Thankfully, I have completed my first feature for WWIT with the various coursework looking near conquerable so eagerly awaiting papers to sign for the new job whilst reading alot more.

My favourite book of all in Paradise Lost, Book IV. It's a wonderful contradiction regarding Satan who abhorred the phallocentric order concentrated on God however within Book IV, shows a softer and more appreciative side which more or less address a tragedy that according to Milton’s nephew Edward Phillips, he was writing with Adam Unparadised in mind rather that an epic hence the connection with Aeschylus’s Prometheus Bound and Eurpides’ Phoenissae. The passage itself showed the vulgarity and disdain of Satan’s character but also his vulnerability, ‘O had His pow’rful destiny ordained me some inferior angel!’ (58-59) reflects this, questioning if God had made him a lower ranking angel then would he had rebelled especially so outrageously? But Satan isn't to be trusted, of course... much like the Vice Chancellor!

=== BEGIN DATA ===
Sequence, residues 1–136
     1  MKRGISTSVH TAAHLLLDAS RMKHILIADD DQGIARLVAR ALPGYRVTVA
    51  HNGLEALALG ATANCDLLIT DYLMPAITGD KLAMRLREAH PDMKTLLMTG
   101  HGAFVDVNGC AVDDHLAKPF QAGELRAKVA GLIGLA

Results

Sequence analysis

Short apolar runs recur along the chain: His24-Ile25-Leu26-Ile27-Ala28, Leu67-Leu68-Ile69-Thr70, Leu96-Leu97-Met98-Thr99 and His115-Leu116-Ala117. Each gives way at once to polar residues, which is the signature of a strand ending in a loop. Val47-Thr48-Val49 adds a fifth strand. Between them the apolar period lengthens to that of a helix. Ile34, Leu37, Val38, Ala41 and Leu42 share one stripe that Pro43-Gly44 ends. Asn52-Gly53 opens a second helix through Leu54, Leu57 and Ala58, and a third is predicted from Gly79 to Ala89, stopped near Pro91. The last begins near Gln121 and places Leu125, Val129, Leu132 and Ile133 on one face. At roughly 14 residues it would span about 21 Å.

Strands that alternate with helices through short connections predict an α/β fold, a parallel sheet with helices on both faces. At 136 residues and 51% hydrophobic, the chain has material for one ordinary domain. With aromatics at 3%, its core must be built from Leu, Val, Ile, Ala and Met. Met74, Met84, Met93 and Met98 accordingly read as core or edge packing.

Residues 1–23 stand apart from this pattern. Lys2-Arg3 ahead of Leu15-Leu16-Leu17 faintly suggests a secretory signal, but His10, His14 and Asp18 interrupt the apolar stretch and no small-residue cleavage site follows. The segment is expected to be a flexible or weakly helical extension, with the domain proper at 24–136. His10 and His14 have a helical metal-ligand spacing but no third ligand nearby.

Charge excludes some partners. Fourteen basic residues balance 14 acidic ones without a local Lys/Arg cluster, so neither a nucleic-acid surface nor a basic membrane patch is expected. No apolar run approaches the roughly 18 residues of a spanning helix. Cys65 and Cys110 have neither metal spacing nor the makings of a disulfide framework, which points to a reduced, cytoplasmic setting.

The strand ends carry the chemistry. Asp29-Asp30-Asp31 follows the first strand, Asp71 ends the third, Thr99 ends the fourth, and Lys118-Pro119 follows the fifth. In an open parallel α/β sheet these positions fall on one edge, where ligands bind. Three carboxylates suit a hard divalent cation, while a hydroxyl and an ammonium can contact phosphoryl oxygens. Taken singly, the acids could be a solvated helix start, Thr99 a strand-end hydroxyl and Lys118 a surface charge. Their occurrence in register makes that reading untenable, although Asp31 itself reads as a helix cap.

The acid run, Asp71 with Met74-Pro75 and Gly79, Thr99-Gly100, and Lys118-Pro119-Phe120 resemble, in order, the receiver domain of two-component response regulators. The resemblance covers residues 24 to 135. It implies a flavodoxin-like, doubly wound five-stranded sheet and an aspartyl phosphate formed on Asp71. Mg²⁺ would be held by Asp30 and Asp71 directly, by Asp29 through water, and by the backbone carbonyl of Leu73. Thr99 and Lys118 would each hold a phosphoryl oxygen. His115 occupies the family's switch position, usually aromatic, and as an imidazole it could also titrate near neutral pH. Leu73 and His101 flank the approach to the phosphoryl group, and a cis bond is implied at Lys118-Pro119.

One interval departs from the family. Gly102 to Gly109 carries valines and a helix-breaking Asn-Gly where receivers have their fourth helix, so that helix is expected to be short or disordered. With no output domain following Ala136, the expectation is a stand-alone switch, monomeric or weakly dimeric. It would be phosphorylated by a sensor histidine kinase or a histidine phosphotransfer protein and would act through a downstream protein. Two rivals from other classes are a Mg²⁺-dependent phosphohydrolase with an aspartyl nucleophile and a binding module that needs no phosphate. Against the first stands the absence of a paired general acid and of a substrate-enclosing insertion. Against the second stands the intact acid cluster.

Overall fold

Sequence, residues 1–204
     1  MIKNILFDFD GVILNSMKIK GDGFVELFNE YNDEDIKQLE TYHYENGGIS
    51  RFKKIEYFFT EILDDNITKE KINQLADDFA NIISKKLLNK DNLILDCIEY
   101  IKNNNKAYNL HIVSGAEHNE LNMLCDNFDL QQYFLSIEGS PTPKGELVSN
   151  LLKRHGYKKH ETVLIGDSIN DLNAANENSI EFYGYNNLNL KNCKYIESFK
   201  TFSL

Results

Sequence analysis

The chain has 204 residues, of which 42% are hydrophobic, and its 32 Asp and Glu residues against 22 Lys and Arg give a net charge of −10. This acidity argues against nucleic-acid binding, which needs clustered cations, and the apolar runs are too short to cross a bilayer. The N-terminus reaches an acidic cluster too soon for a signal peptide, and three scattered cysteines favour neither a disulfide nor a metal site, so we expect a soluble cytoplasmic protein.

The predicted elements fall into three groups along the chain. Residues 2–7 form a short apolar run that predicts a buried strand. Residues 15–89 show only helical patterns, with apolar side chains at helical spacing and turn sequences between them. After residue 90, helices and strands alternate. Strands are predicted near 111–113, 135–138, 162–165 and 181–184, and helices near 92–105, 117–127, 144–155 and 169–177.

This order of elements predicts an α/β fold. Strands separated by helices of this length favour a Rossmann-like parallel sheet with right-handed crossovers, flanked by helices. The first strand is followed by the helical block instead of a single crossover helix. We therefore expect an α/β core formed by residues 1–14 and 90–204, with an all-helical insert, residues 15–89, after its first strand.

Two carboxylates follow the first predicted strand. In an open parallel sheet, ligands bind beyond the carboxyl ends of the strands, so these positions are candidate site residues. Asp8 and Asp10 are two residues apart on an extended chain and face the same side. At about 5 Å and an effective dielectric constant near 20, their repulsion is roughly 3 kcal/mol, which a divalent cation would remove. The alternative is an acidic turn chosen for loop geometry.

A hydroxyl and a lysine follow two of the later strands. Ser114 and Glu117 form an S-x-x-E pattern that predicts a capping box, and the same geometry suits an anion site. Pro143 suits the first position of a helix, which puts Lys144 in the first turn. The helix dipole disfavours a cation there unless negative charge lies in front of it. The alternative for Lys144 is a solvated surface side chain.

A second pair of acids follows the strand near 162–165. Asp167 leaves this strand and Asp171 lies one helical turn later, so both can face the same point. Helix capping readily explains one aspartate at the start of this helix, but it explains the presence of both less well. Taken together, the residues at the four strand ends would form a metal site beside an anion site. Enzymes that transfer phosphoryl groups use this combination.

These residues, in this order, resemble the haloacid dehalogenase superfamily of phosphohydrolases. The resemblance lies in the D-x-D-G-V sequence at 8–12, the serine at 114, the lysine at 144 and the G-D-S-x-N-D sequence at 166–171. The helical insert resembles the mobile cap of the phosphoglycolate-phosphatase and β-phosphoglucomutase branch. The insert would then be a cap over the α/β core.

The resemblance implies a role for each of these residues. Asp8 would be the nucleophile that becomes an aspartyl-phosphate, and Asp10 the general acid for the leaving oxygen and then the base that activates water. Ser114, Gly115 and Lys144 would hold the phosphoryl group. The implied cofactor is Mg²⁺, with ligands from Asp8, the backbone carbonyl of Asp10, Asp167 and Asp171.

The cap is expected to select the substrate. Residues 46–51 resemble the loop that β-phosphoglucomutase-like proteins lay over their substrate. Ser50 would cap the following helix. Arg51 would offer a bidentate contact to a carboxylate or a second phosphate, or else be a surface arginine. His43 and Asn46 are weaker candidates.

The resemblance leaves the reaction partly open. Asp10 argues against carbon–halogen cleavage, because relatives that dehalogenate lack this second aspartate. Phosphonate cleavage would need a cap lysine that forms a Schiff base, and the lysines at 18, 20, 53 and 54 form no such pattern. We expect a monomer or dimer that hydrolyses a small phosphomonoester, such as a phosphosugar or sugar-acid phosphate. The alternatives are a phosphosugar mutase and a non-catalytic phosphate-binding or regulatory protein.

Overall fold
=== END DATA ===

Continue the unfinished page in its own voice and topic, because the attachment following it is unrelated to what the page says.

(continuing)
Another vile human being: The Daily Mail's Jan Moir as this blog perfectly describes

Hope you all have an excellent weekend, take care.

Monday, 12 October 2009

An Empire masquerading as a country...

China, the newly arrived superpower and destination to a dear friend of mine upon her travels to study the language before her final year at Cambridge. From what she has told me (which is alot) Beijing appears to be wonderful, I wish to visit one day also Qingdao sounds like a dream. The 'Empire' itself consists of Tibet, Xinjiang, Macau, Taiwan, Inner Mongolia, and in the south they speak Cantonese which sounds very different from Mandarin even though it's written with the same characters. Then she asks of what I've been up to... how can one compare? So I say.... Well I've started my Shakespeare and Milton modules along with syntax of BSL, it's quite interesting. But my main interest at the moment is in writing for this hip men's fashion magazine called WWIT and since I've become one of editors of the University newspaper, started working in schools to help those with little confidence as they do their G.C.S.Es and various other things.